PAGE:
He said the idea for this legislation came out of a small business roundtable he held before session began. Small business owners expressed their growing concern over the impacts of health care costs and rising premiums, saying the costs of providing health insurance to their employees have significantly increased, and were their number one concern. They identified this issue as a top priority for the 2012 session.
This year the Legislature passed the Healthcare Exchange bill (HB 2319), a measure that will help lower costs of coverage. “But we also need to look at ways to contain costs on the service provider side,” said Hasegawa.
“More than six hundred thousand Washingtonians don’t have health care coverage either because individual plans are unavailable in their area or because they simply can’t afford them,” Hasegawa explained. “What we need is something like ‘VA for All.’ Why not create a system where we could have some access to controlling costs, as well as providing coverage for everybody?”
A previous bill (HB 1096) by Rep. Sherry Appleton (D-Poulsbo) would have established a universal coverage single-payer system, but Hasegawa pointed out that it would still have the deficiency of not controlling costs on the service provider side.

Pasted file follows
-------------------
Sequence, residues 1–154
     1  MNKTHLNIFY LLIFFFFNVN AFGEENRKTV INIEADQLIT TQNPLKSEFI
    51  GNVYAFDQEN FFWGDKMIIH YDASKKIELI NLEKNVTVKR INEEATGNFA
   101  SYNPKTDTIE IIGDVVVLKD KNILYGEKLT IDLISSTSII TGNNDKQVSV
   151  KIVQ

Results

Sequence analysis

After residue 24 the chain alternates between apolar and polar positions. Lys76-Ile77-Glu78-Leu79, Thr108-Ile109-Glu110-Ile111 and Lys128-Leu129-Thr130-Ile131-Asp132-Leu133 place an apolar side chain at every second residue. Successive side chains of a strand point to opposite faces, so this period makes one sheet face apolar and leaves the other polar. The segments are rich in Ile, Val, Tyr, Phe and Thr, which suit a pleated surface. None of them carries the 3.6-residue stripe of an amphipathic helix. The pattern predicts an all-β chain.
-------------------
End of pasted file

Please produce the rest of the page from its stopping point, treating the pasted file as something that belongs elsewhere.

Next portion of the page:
Hasegawa’s measure, HB 2832, simplifies health care financing and eliminates the administrative waste in our current fragmented system of multiple insurers. It can create enough savings to extend health care coverage for all and bring fairness to the system.
“(o) develop a plan to implement a publicly sponsored integrated delivery system in which residents would receive care from state-employed providers in state-owned and operated facilities or from nonprofit entities contracting with the state.”
Hasegawa’s measure would create the Washington Health Security Trust, a single health financing entity, which, among other things, would:
- Provide fair, simple, and accountable health care financing for all Washington residents.
- Create a healthcare service delivery system that provides coverage for everyone as well as controls costs in service delivery.
- Cover a comprehensive package of quality health care services.
- Eliminate excessive administrative costs.
- Protect patient rights and keep clinical decisions in the hands of doctors and patients, not administrative personnel.
- Promote health care quality and control excessive health care costs.
“The escalating burden of paying for health care has been the largest drain on the economic well-being of working families and small businesses for decades. We need a system that not only provides coverage for everyone, but also controls costs on the service delivery side. That’s what the “VA for All” model does,” Hasegawa added.